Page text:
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and both respondent and the intervenors contend that a railway tax accrual account which conforms to the Interstate Commerce Commission rules and regulations, and has been accepted and approved by it, is an allowable deduction under our statute in arriving at net railway operating income.

We hold that "tax accruals" means the current taxes for the particular year which have been assessed in conformity with law, e.g., the amount certified by the tax assessor.

The state is not concerned with the bookkeeping practices of the railroad companies. The statute says that in computing the next preceding year's net railway operating revenue there shall be deducted from the total operating revenue from all sources "railway tax accruals," among other items. What is meant thereby is that the deductions of "tax accruals" shall be the amount of the taxes for the year in which "the net operating railway income" is computed.

It is to be noted that as to "tax accruals" no reference is made in the statute to the Interstate Commerce Commission while there is as to "depreciation." Whether or not taxes fixed, contingent or paid were reported to the Interstate Commerce Commission is immaterial. It matters not when or where the tax accrual items are reflected on the books of the railroad companies, what the Interstate Commerce Commission does with the items or what its rules provide with respect to railroad bookkeeping.

The intention of the legislature as expressed in a statute should be ascertained and given effect. In re Merrill, 88 N.J. Eq. 261; Clarkson v. Ley, 106 N.J.L. 380.

To determine the legislative intention as to the statute under consideration we must look to the dates, July 22d, 1941, and May 8th, 1942, when the original act and the amendment were approved. During all of the period from 1932 to 1940 that railroad taxes were being contested and litigated certain companies accrued all of their current taxes in the years they were levied, while others accrued only the uncontested portions thereof. There was no uniformity. The only thing that is certain is that any company was permitted, as a matter of course, to accrue the whole of the tax in the year in which it was levied, notwithstanding the dispute.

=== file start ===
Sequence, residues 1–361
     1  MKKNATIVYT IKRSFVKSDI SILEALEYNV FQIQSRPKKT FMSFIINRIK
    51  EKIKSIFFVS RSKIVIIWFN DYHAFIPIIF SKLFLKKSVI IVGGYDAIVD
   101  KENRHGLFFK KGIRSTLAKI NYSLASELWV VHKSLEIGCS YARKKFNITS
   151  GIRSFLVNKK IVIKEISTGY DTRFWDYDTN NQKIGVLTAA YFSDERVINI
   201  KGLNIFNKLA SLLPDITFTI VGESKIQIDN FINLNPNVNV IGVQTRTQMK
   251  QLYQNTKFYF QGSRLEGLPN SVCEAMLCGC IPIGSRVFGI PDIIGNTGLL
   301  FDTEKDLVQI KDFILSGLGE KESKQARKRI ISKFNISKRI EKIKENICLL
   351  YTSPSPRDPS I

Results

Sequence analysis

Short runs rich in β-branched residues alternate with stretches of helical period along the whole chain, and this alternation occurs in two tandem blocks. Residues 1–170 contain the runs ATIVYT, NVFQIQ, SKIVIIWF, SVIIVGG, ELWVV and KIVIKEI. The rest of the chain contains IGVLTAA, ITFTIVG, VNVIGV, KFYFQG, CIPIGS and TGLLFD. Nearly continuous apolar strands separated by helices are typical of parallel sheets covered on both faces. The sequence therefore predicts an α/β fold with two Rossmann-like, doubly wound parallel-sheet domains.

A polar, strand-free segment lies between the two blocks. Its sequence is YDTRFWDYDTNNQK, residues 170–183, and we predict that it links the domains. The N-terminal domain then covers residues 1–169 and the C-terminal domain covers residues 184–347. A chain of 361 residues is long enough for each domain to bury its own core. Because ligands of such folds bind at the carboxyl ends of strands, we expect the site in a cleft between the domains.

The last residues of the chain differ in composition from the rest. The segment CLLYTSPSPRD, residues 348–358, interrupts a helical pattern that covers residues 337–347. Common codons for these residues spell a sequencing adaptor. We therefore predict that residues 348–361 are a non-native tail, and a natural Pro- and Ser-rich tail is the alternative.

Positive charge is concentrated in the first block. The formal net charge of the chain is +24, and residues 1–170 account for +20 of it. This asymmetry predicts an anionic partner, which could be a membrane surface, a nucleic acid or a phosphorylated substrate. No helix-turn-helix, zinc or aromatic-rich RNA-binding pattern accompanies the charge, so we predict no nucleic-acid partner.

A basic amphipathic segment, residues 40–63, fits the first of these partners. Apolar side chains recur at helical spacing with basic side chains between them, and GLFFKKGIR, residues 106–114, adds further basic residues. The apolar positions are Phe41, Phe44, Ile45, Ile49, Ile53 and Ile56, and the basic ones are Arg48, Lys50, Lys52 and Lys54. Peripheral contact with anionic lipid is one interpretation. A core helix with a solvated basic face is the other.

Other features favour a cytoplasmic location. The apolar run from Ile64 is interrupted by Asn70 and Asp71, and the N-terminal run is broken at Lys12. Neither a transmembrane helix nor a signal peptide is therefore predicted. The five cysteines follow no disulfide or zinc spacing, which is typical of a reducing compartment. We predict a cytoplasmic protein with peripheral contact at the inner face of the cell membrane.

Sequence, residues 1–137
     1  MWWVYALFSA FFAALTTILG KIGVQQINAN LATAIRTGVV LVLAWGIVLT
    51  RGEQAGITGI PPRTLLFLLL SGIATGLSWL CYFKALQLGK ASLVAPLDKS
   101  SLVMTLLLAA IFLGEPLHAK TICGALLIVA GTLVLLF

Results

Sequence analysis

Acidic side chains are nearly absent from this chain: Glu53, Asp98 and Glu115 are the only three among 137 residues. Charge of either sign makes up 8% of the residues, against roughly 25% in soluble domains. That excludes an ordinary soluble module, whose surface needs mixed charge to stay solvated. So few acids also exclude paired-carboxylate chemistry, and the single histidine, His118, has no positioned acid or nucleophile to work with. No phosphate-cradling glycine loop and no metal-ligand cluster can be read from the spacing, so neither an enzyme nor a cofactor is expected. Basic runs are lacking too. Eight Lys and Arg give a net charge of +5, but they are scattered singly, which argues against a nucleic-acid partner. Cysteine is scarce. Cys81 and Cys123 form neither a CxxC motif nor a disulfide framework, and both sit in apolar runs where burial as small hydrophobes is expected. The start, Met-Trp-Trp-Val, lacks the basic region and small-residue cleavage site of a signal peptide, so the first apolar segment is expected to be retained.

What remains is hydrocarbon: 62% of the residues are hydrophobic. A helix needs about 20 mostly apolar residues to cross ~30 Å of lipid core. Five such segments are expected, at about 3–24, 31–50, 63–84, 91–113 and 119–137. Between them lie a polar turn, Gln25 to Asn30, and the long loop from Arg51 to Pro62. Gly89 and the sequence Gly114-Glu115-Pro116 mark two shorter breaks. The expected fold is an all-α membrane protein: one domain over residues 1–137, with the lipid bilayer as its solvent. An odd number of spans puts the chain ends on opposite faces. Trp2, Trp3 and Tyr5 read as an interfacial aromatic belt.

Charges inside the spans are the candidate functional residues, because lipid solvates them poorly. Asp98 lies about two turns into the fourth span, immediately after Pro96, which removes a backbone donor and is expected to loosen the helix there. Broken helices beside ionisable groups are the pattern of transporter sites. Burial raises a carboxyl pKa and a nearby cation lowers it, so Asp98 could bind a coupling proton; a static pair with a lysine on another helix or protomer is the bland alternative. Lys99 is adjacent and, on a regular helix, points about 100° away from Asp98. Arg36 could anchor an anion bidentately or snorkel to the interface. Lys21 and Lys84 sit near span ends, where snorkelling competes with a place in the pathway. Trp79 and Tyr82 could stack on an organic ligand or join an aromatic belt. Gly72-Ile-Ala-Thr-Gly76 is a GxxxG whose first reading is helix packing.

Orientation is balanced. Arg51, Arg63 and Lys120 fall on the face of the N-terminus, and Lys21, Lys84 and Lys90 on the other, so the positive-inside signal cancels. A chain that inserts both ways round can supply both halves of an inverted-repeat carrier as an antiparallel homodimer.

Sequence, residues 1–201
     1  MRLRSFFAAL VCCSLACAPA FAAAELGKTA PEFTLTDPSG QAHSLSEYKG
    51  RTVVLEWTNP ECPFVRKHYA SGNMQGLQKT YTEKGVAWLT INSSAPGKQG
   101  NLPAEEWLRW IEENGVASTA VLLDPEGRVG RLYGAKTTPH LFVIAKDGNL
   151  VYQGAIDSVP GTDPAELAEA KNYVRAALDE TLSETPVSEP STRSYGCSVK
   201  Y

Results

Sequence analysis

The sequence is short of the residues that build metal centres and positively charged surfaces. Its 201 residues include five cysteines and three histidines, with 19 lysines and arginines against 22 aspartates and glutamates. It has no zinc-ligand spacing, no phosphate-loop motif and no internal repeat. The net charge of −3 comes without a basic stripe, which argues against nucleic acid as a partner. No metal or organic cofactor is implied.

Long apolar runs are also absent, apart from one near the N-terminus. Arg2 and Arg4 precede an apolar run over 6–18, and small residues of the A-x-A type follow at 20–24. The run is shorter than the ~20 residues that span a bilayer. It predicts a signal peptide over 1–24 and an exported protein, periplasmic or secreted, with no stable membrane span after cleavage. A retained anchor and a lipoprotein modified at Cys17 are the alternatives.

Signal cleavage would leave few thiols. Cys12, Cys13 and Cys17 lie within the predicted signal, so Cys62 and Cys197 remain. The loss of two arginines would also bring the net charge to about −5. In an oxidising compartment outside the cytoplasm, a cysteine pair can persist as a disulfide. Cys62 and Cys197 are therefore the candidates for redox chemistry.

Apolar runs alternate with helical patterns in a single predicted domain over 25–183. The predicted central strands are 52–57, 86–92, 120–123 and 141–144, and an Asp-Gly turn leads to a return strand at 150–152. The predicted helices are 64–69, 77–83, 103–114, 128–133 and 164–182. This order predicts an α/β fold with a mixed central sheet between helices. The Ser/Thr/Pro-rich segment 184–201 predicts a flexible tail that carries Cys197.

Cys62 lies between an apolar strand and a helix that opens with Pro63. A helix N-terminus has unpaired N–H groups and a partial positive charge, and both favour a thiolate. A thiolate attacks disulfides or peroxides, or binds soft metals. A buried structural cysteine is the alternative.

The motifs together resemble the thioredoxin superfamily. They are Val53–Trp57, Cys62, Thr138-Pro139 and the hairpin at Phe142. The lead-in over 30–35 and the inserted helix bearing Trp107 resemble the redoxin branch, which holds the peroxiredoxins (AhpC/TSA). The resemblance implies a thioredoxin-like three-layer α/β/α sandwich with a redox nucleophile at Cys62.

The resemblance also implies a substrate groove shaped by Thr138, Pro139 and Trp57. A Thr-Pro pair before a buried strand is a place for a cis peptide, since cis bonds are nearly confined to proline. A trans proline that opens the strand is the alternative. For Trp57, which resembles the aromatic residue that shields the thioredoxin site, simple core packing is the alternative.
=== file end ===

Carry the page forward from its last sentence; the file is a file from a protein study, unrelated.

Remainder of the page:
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Any rule which would now allow a company to accrue a portion of back taxes would not work for uniformity.

Within this case itself we find the principal vice in any such rule. The Interstate Commerce Commission permitted the intervenors to treat their back taxes as current tax accruals because the inclusion of the item in its reports did not distort the operating account for the reason their earnings were high while on the other hand respondent was given no such permission. Its earnings were low. If, by the mere inclusion of the item in the Interstate Commerce Commission report, under its rules, it becomes a railway tax accrual in contemplation of our statute, then by such action the Interstate Commerce Commission would be permitted to penalize the very one the act was intended to aid, and the one from whom the state expected a large return in a good earning year would escape substantial payments.

Taxes are incurred when assessed and levied. Jersey City v. State Board, supra. It is inconceivable that it was the legislative intention to permit a railroad to defer the payment of taxes, on any pretext, flimsy or not, in years of low operating revenue so that those taxes might be used to bring about lower net incomes in years of large operating profits. The intention of the legislature, in our opinion, was that "railway tax accruals" as used in the statute was to mean taxes assessed and levied during the next preceding year, and that it was not its intention to allow railroad companies to juggle figures to determine their tax liability for a given year, or to allow them to contest the taxes simply for the purpose of postponing their inclusion for deduction from operating revenue. A fixed formula was being sought.

When the legislature used the words "railway tax accruals" it meant something more than mere Interstate Commerce Commission permission to include an item in a bookkeeping account or a report. It meant something specific. It meant the type of item that on the date of the passage of the act went into such account as a matter of course. It meant current taxes. In re Reduced Rates, 68 Interstate Commerce Commission 676, we find (at p. 683):